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"Darwin's Natural Heir" on Ants, Social Evolution, and Intelligent Design

Adrianne Appel
for National Geographic News
March 27, 2006
 
More than a million ant specimens—meticulously dried, pinned, and
identified—lie in wooden drawers in Harvard University's Museum of
Comparative Zoology.

But these specimens are hardly gathering dust in their Cambridge, Massachusetts, home. The office of Edward Osborn Wilson—renowned scientist and author, father of sociobiology, and ant expert—is right down the hall.

Wilson's body of work is a product of unfailing energy and focus. As a young man he traveled through Europe visiting ant collections.

Then as a Harvard professor he spent years driven by what he calls "the amphetamine of ambition"—working 80-hour weeks, teaching, studying ants, and writing.

From his work in the field he has personally identified more than 400 new ant species.

Now in his late 70s, the man labelled "Darwin's Natural Heir" by Britain's Gaurdian newspaper has not slowed up his nearly lifelong pursuit of collecting and identifying ants, nor has he let the rest of his work lose steam.

In fact, the National Medal of Science winner, two-time Pulitzer Prize winner, and author of 22 books says he is stepping up the pace.

In addition to planned fieldwork, Wilson has been blazing through a series of book releases this year.

"I'm trying to get them out while I still have all my creative faculties," he said with a chuckle. "I'm 76 and I've decided to move it."

Author of Controversy

Wilson's name is tied to groundbreaking research and award-winning writings, but he is also no stranger to scientific controversy.

Most famously, Wilson first put forth the much-debated concept of sociobiology in 1975. This exploration of a biological basis of behavior has been met with both avid acclaim and piercing criticism.

For example, critics said that sociobiology would help some people justify aggressive behavior and would provide legitimacy to racism and sexism.

Wilson says he was misunderstood. His theory applies only to understanding how and why societies have evolved, not the way they should be structured, he says.

The author is now collaborating with his former colleague Bert Holldobler on a new sociobiology book to be called The Superorganism.

"We reexamine the whole concept of societies, especially insect societies and higher levels of biological organization, as seen from a modern perspective," Wilson said.

Irking Environmentalists

Despite his strong interest in conservation, Wilson has troubled some environmentalists by championing the use of genetically modified organisms, primarily as a tool to end hunger.

"I jumped right into that controversy … [and] at the end I saw the risks [of genetic modification] were manageable, maybe not as threatening as many people feared. The benefits for conservation and humanity far outweighed the risks."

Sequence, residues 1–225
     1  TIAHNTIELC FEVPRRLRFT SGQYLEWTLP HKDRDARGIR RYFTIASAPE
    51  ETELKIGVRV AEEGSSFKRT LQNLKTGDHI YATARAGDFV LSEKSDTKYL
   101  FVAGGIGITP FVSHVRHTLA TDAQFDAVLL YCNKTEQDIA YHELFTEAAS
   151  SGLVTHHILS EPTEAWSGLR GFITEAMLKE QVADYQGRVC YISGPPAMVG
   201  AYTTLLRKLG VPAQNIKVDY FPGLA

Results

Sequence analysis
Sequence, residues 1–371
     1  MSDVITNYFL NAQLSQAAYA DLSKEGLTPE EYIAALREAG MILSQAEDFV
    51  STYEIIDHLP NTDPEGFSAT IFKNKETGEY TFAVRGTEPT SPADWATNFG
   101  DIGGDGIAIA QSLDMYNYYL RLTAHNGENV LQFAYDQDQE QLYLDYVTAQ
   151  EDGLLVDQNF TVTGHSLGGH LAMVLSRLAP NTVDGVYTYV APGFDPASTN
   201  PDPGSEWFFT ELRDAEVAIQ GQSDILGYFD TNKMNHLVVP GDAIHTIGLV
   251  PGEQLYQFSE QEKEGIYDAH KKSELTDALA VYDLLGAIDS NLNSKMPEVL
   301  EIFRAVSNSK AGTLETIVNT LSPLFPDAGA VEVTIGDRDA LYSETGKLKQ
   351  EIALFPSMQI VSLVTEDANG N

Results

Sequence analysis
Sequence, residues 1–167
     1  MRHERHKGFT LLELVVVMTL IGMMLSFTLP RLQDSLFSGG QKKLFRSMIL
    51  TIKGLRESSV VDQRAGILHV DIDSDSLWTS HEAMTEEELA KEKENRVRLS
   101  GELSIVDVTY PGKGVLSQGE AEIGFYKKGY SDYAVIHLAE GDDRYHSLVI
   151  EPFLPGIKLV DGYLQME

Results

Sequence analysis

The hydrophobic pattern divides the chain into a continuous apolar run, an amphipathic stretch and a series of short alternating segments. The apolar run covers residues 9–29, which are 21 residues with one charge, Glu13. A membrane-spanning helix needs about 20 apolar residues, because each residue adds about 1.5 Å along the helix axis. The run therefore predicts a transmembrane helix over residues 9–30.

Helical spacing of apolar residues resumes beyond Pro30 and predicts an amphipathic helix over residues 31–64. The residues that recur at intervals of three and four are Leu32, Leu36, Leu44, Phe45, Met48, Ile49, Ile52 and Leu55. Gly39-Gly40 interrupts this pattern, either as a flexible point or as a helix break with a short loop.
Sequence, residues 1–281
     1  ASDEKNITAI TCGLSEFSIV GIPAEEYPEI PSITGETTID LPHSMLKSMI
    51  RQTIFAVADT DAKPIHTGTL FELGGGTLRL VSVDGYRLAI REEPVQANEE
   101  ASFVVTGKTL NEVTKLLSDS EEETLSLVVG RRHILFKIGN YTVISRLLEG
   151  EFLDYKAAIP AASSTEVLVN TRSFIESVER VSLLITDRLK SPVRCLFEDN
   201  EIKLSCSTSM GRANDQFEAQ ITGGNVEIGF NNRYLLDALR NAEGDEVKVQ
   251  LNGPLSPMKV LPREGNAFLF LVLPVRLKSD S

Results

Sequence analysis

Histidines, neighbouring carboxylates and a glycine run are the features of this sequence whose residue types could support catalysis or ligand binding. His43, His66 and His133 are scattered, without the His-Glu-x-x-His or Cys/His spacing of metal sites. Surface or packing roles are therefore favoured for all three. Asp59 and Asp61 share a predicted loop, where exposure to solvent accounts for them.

Wilson's latest foray into scientific debate involves the battle over evolution.

His edited collection of Darwin's four most influential books, a compendium titled From So Simple a Beginning, recently hit store shelves.

"There is no question [Darwin's] body of work, pivoted by Origin of the Species, is the most important scientific work of all time," Wilson said.

"First and foremost, it turned out to be correct. Second, it changed everything. It changed our image of ourselves as a species."

(Read "Was Darwin Wrong?" from National Geographic magazine.)

In public presentations of From So Simple a Beginning, Wilson voices his concern about the popularity of intelligent design.

"The intelligent design argument consists of a default argument, that because biologists haven't explained all complex systems" they can be explained only by the existence of a godlike creator.

Nature: The Common Ground?

Wilson released two more books this spring and a third book, The Creation, is due out in September.

"[This upcoming book] is a call for an alliance between science and religion to save 'the creation'—biodiversity—which is going down the tubes rapidly," he said.

"The preservation of biodiversity is essential for the stable existence of the Earth and our species," he said.

Love of nature and a sense of responsibility for preserving it could be a critical common ground between science and religion, he believes.

"It's a quixotic idea that if we can bring the two most powerful forces together in common purpose, we just might actually get the job done."

Wilson says he can speak to both audiences, because he is a secular humanist who was raised a Southern Baptist.

Karl Giberson is editor-in-chief of Science and Spirit magazine, a publication that seeks to facilitate a dialogue between scientific and religious communities.

Giberson says he is skeptical that Wilson will be successful in convincing U.S. religious organizations, the majority of which are conservative, to listen to his plea.

"I applaud his initiative," Giberson said.

"[But] E. O. Wilson is a very prominent figure in the [human] origins debate. That huge conservative groundswell that wants creationism in the schools sees E. O. Wilson as one of the most prominent enemies they have."

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